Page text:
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So Heavenly love shall outdo Hellish hate,
Giving to death, and dying to redeem,
So dearly to redeem what Hellish hate
So easily destroyed, and still destroys
In those who, when they may, accept not grace.
Nor shalt thou, by descending to assume
Man's nature, lessen or degrade thine own.
Because thou hast, though throned in highest bliss
Equal to God, and equally enjoying
God-like fruition, quitted all to save

A world from utter loss, and hast been found
By merit more than birthright Son of God, -
Found worthiest to be so by being good,
Far more than great or high; because in thee
Love hath abounded more than glory abounds;
Therefore thy humiliation shall exalt
With thee thy manhood also to this throne:
Here shalt thou sit incarnate, here shalt reign
Both God and Man, Son both of God and Man,
Anointed universal King. All power

I give thee; reign for ever, and assume
Thy merits; under thee, as Head Supreme,
Thrones, Princedoms, Powers, Dominions, I reduce:
All knees to thee shall bow of them that bide
In Heaven, or Earth, or, under Earth, in Hell.
When thou, attended gloriously from Heaven,
Shalt in the sky appear, and from thee send
The summoning Archangels to proclaim
Thy dread tribunal, forthwith from all winds
The living, and forthwith the cited dead
Of all past ages, to the general doom
Shall hasten; such a peal shall rouse their sleep.
Then, all thy Saints assembled, thou shalt judge
Bad men and Angels; they arraigned shall sink
Beneath thy sentence; Hell, her numbers full,
Thenceforth shall be for ever shut. Meanwhile
The World shall burn, and from her ashes spring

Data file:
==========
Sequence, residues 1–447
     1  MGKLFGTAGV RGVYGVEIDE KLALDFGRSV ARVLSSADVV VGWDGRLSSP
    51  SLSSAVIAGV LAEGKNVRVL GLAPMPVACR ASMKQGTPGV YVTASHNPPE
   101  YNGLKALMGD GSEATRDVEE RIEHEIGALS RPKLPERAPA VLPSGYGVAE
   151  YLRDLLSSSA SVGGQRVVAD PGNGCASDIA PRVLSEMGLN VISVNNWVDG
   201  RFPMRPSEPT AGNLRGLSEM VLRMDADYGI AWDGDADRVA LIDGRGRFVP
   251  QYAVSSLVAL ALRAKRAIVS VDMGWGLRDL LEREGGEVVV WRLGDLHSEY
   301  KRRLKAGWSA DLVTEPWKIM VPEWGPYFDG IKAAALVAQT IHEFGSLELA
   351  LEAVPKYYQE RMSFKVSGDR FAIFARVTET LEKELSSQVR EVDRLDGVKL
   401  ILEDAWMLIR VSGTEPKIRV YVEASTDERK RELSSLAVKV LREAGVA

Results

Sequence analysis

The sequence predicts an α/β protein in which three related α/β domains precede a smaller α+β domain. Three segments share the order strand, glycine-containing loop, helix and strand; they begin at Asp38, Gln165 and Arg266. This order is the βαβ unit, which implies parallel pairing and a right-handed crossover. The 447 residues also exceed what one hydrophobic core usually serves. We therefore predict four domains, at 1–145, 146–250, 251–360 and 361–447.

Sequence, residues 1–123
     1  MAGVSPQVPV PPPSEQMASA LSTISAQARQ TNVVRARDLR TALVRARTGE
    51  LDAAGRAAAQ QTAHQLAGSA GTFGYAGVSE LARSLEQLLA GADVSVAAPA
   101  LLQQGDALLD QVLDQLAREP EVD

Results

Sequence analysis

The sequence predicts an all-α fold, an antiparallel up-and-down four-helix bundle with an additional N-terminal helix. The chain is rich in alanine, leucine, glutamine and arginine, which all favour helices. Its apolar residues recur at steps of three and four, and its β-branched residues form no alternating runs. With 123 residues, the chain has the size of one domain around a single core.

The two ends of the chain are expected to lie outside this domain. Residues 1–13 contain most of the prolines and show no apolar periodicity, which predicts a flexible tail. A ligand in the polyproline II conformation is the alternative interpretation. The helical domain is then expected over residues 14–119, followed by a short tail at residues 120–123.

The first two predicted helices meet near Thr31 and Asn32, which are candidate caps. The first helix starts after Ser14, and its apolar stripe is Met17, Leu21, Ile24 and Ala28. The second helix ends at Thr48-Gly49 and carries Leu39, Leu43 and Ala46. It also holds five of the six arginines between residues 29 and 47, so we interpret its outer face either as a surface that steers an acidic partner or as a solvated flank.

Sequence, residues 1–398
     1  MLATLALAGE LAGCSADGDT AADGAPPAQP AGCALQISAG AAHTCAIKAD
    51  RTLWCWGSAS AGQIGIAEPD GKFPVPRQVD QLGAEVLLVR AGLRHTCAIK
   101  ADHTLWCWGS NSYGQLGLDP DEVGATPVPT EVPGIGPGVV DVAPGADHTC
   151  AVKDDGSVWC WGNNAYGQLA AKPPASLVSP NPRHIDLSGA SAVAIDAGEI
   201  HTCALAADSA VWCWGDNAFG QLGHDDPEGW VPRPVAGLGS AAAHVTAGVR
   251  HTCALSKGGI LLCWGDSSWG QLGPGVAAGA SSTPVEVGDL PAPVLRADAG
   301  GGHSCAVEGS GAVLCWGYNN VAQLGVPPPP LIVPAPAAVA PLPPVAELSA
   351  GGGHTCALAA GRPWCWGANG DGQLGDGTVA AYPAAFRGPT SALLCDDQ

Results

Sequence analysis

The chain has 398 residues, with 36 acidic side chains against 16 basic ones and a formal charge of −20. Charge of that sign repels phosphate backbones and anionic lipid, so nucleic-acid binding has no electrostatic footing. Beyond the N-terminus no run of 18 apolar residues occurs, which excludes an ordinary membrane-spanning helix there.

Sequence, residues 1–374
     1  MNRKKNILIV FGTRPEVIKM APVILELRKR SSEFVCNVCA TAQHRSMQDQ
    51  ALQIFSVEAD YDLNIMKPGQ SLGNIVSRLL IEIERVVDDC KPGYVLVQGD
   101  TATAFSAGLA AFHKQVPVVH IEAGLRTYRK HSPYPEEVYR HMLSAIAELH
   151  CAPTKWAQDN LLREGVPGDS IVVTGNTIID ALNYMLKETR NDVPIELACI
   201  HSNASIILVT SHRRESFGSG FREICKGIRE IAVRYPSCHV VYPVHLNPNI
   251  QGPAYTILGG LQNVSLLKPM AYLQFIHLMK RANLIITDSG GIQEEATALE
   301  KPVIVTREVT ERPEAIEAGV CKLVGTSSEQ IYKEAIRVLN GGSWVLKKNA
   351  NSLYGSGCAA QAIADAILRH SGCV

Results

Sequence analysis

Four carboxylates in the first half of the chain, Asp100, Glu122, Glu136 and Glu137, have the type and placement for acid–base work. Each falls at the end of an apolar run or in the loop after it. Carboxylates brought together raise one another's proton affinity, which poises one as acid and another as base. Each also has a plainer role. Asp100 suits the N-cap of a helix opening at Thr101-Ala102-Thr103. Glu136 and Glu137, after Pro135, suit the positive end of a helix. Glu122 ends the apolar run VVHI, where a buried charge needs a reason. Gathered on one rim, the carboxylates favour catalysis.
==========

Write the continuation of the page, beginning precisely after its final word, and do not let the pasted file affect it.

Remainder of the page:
New Heaven and Earth, wherein the just shall dwell,
And, after all their tribulations long,
See golden days, fruitful of golden deeds,
With Joy and Love triumphing, and fair Truth.
Then thou thy regal sceptre shalt lay by;
For regal sceptre then no more shall need;
God shall be all in all. But all ye Gods,
Adore him who, to compass all this, dies;
Adore the Son, and honour him as me."

No sooner had the Almighty ceased but all

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The multitude of Angels, with a shout
Loud as from numbers without number, sweet
As from blest voices, uttering joy-Heaven rung
With jubilee, and loud hosannas filled

The eternal regions. Lowly reverent

Towards either throne they bow, and to the ground
With solemn adoration down they cast

Their crowns, inwove with amarant and gold,—
Immortal amarant, a flower which once

In Paradise, fast by the Tree of Life,
Began to bloom, but, soon for Man's offence
To Heaven removed where first it grew, there grows
And flowers aloft, shading the Fount of Life,
And where the River of Bliss through midst of Heaven
Rolls o'er Elysian flowers her amber stream!
With these, that never fade, the Spirits elect
Bind their resplendent locks, inwreathed with beams.
Now in loose garlands thick thrown off, the bright
Pavement, that like a sea of jasper shone,
Impurpled with celestial roses smiled.

Then, crowned again, their golden harps they took-
Harps ever tuned, that glittering by their side
Like quivers hung; and with preamble sweet
Of charming symphony they introduce
Their sacred song, and waken raptures high:
No voice exempt, no voice but well could join
Melodious part; such concord is in Heaven.

Thee, Father, first they sung, Omnipotent,
Immutable, Immortal. Infinite,

Eternal King; thee, Author of all being,
Fountain of light, thyself invisible